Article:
I don’t feel like I should comment on any more specifics outside of that.  Even the villain was shrouded in mystery until just recently, so I won’t reveal them in case you have managed to remain pure and would rather not know.  I’ll say that – though this particular character was created by one of the biggest legends in comic book history – I found them to be a bit underwhelming as the choice for the first movie to formally feature the Justice League.  Or, perhaps, it’s just the presentation of the protagonist that falls flat.  Justice League isn’t entirely unlike The Avengers in terms of structure and action set pieces, in the sense that there is one primary villain in control of an army of otherworldly creatures as they deign to conquer the planet.  But, in The Avengers, the villainous figurehead was Tom Hiddleston’s Loki – a complex, charismatic, compelling character whose motivations were rooted in deeply personal issues involving the heroes.  Justice League‘s villain is a powerful enough physical threat, but that’s all this particular character has to offer.


The heroes, on the other hand, are rather well-handled.  Wonder Woman is still the coolest part of the entire DC Extended Universe and Gal Gadot continues to command the screen anytime she appears upon it.  Batman is much closer to the Batman we know from the original comic book source material, if slightly cheekier.  I staunchly loathed Ezra Miller’s cameo as the Flash in Dawn of Justice, but I take it all back.  He shines in the role as the comedic relief and I was completely wrong about him.  He’s my second-favorite member of this Justice League five.  Aquaman – taking on the appearance established during the Peter David-helmed run on his comic in the mid-nineties – is presented in a way that helps the character make strides towards dispelling the perception that he’s a minor-leaguer who only “talks to fish”.  And Cyborg makes up for his lack of a personality (by design) by proving himself an invaluable asset to the team.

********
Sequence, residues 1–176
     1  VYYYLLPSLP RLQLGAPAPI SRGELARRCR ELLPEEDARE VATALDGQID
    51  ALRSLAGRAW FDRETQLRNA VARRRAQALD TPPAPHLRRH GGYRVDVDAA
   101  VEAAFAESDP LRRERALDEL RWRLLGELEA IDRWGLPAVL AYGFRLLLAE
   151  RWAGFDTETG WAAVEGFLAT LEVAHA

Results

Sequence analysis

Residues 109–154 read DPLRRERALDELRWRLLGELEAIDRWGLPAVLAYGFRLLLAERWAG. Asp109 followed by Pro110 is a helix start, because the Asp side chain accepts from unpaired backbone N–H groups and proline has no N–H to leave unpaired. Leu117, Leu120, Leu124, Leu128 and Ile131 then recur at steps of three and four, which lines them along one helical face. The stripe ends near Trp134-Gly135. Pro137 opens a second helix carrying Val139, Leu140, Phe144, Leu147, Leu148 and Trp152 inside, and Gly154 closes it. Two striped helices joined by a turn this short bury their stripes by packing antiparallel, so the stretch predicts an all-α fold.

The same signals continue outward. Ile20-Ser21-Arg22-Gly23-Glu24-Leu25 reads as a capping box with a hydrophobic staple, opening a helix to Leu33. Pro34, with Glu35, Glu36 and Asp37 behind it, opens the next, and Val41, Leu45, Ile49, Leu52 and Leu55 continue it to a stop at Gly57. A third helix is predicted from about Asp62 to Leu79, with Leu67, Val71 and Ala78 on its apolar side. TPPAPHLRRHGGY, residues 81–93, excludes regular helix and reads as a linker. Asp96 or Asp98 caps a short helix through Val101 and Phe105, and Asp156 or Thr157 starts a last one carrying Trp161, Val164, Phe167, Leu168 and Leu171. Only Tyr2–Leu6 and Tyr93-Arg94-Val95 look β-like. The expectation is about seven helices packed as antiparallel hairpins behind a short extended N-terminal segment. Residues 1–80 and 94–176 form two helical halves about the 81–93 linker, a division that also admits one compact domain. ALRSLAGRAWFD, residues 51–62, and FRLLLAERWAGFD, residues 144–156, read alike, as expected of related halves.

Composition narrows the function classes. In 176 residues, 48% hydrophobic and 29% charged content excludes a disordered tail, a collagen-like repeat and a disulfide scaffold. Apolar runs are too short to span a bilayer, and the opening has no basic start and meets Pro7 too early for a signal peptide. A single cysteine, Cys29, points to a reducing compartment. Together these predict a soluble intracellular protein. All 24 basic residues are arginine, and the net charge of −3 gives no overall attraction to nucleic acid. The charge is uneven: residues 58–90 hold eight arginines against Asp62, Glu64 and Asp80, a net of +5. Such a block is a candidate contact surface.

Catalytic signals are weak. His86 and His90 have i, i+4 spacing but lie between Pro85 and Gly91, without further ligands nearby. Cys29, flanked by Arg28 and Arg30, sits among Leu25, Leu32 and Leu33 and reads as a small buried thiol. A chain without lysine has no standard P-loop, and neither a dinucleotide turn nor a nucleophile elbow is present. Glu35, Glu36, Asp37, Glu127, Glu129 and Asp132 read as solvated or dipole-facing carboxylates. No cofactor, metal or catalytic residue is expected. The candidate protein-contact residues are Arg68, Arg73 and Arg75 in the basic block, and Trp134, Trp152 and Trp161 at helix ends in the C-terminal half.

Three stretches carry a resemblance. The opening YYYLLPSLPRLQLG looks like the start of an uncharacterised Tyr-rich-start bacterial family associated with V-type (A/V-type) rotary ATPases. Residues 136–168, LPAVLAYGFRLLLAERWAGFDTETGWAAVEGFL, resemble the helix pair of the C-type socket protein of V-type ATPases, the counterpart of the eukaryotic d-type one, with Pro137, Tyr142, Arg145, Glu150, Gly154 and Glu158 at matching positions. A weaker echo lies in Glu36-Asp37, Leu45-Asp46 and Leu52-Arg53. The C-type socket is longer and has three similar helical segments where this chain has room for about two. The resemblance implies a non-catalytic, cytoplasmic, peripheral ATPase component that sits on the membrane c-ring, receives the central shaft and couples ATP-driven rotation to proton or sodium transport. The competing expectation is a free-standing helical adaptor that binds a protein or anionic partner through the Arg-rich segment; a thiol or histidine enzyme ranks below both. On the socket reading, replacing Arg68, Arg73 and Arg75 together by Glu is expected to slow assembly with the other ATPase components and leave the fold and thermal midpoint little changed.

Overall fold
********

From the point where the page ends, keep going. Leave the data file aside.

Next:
The film is funnier than most previous DCEU films (with the exception of Wonder Woman) which will anger Marvel fans who will claim that WB is only aping Marvel and will also anger DC fans who hate fun things.  Can’t please everyone, I guess.  Or, ofttimes . . . can’t please seemingly anyone for those in the business of making major studio films.  But I enjoyed the humor.  It’s done at appropriate times and works pretty well.  Most of the humor comes from the Flash and it’s not really “hilarious” in the way that Guardians of the GalaxySpider-Man: Homecoming, or Thor: Ragnarok is, but more highly amusing.  That’s not a criticism; that appears to have been the goal, and it’s met with solid results.


There is plenty of action throughout the film.  As Bruce and Diana are assembling (Uh oh.  Can I say that?) the League, the pace slows a bit, hurt somewhat by the fact that we all know where this portion of the story is heading.  But the film has enough to offer beyond that to keep it fun.  Said action didn’t leave me quite as breathless as that in director Zack Snyder’s two previous DCEU outings (Man of Steel and Dawn of Justice), though there’s one particular battle around the middle of the movie that came pretty darn close.  Snyder famously departed Justice League when it was near completion after a horrific family tragedy and Joss Whedon stepped in to finish it.  Despite what that 13-year-old kid on Twitter you know with 35 followers thinks, it’s impossible to know exactly what Snyder and Whedon were each responsible for without having been a part of the film, itself, so maybe the switch had something to do with the slight downturn in spectacle.  Or . . . maybe it didn’t.  Still, even if the excitement isn’t quite up to the standards of those two earlier films, it’s still plenty worthy of the Justice League.